Tuesday, October 23, 2012

Prepping Greens for a Better Tomorrow.

Bull's Eye putting surfaces were "deep tined" for the first time since 2005 choosing to use Champion Greens from Sheboygan Falls, Wisconsin.  This is my first experience working with them and from this experience I would use them again.  Seven total hours to "tine" twenty greens.  (ED Note:  Tri City greens were not deep tined this year and will serve as our check.)  I've always considered deep tining to be a drainage event more so than an aerification event, but this time around I'm asking for deeper and better rooting of the plants on our greens as the primary benefit.  Rooting should continue well into the winter until the point in time the soil freezes up.

Greens were "tined" to a depth of 8 inches to facilitate air and water movement into and through the soil profile.  I've noted a slight layer build up I believe came as a result of winter killed turf that occurred both winters of 2004 and 2005.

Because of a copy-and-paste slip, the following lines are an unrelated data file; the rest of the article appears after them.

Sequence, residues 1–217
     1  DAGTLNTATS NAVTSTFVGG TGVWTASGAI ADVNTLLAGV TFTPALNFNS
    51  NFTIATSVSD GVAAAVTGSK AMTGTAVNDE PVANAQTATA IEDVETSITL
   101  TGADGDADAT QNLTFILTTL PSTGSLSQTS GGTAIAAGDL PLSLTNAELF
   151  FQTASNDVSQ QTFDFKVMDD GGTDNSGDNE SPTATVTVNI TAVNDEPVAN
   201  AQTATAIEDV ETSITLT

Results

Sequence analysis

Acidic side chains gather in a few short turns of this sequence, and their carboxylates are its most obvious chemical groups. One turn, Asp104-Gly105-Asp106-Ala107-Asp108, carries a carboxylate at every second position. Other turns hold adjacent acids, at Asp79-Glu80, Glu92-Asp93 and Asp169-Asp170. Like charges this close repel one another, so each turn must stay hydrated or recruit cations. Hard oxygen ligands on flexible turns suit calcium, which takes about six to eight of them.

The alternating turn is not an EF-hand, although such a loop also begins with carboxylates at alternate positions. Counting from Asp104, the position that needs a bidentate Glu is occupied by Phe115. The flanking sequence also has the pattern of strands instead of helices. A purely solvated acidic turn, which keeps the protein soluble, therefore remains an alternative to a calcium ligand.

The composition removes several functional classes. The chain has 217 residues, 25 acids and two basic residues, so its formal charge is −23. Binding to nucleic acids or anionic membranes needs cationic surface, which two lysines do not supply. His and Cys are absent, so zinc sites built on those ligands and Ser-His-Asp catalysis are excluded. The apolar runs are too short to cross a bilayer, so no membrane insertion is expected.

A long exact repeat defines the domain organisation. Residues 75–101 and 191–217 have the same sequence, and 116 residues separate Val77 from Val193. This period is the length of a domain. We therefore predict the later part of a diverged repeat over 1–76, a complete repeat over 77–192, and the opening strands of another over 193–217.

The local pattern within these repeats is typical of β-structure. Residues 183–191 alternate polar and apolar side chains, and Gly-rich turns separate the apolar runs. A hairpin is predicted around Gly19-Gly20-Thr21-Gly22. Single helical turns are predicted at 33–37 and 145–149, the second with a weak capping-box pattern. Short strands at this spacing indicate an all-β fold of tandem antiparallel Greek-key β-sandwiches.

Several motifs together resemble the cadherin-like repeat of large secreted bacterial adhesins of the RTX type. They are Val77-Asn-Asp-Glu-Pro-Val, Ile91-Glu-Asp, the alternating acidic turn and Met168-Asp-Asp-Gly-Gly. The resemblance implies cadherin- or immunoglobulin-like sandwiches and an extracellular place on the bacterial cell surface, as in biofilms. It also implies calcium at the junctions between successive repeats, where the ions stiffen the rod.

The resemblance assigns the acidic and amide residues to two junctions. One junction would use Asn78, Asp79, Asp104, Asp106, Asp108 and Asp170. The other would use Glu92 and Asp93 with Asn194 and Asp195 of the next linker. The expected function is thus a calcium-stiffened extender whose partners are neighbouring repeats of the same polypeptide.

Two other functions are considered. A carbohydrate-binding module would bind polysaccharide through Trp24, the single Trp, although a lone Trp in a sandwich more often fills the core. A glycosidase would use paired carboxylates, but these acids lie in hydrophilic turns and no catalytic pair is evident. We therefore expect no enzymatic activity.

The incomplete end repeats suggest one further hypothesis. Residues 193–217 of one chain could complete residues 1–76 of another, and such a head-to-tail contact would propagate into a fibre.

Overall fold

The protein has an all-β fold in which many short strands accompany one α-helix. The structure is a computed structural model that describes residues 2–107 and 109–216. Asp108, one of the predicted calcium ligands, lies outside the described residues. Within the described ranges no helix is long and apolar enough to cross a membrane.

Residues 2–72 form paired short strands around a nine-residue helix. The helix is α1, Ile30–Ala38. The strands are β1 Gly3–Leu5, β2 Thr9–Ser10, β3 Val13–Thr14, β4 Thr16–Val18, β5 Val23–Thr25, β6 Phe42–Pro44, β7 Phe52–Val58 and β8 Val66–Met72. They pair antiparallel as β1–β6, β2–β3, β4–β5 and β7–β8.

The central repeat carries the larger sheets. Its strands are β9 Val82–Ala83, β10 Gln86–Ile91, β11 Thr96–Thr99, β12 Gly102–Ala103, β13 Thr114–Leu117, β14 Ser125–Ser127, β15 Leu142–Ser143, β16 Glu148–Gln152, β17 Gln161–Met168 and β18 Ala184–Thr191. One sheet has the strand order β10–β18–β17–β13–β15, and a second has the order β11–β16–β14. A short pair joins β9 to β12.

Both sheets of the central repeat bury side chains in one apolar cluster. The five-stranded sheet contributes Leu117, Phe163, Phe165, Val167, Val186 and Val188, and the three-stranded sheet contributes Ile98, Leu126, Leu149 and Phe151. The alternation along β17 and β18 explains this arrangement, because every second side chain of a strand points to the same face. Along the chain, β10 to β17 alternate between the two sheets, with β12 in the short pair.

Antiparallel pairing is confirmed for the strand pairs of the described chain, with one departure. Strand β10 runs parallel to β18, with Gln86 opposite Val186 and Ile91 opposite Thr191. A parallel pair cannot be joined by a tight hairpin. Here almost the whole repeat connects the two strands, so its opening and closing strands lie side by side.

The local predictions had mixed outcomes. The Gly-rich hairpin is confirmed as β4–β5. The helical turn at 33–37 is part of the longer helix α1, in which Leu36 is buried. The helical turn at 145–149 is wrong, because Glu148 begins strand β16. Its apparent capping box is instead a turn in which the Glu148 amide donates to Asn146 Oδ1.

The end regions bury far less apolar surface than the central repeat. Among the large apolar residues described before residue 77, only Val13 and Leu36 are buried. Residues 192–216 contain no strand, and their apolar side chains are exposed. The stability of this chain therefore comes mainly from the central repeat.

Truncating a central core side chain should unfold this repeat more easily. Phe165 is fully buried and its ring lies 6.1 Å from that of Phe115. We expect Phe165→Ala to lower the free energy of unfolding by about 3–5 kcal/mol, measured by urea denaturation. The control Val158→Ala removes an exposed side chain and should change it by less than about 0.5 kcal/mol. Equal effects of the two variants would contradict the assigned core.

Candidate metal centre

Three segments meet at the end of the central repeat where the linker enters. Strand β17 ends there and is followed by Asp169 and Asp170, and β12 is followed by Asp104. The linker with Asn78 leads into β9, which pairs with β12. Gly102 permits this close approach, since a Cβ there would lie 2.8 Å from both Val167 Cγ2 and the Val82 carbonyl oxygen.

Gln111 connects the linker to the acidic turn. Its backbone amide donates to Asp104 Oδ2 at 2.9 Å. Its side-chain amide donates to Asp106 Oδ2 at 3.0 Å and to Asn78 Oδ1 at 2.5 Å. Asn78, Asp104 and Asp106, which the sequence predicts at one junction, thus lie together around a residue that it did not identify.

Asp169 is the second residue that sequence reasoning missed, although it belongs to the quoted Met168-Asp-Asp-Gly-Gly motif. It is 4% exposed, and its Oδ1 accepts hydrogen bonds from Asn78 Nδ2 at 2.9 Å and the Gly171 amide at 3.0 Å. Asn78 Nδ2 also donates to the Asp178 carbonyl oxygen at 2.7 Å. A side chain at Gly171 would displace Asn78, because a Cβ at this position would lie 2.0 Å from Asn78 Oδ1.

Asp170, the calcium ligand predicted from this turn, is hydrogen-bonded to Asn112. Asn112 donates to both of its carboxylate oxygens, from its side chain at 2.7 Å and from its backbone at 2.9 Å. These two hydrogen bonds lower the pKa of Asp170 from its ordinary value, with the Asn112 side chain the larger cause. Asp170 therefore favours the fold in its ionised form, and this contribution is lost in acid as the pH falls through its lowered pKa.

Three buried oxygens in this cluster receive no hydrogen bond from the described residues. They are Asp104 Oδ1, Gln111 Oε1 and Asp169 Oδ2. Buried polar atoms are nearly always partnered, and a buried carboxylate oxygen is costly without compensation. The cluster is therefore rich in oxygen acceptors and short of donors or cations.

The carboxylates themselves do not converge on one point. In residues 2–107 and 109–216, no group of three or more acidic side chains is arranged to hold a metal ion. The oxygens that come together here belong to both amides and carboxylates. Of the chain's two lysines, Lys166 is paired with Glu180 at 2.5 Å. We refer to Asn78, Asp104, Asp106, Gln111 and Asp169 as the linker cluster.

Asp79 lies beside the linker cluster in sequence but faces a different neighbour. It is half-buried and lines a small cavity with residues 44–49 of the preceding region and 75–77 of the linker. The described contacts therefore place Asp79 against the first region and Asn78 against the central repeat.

Taking advantage of open "tine" holes and the need for additional sand incorporation, greens were spiked with one half inch solid tines using our greens aerifier.  Our second aerification of the year was all but cancelled due to the massive interseeding of greens undertaken the first weeks of August.

I wasn't sure we could pull this aerification off as I had a complement of six men counting myself on hand to both clean up a messy golf course after a weekends worth of leaf drop and the requirement to fill jobs like topdressing, dragging and rolling.  All operations that go with any aerification event.

I volunteered to "man" the aerifier as a change of pace as I've become tired of the multiple trips to and from the sand silo from past seasons to topdress greens. Stupid me!  Eight straight hours of walking backwards and my cramping feet reminded me that I was no longer 24!  I did manage to complete 16 of twenty greens, not a bad days work.  I estimated I walked "backwards" over 16 miles!  My legs and feet felt like mush!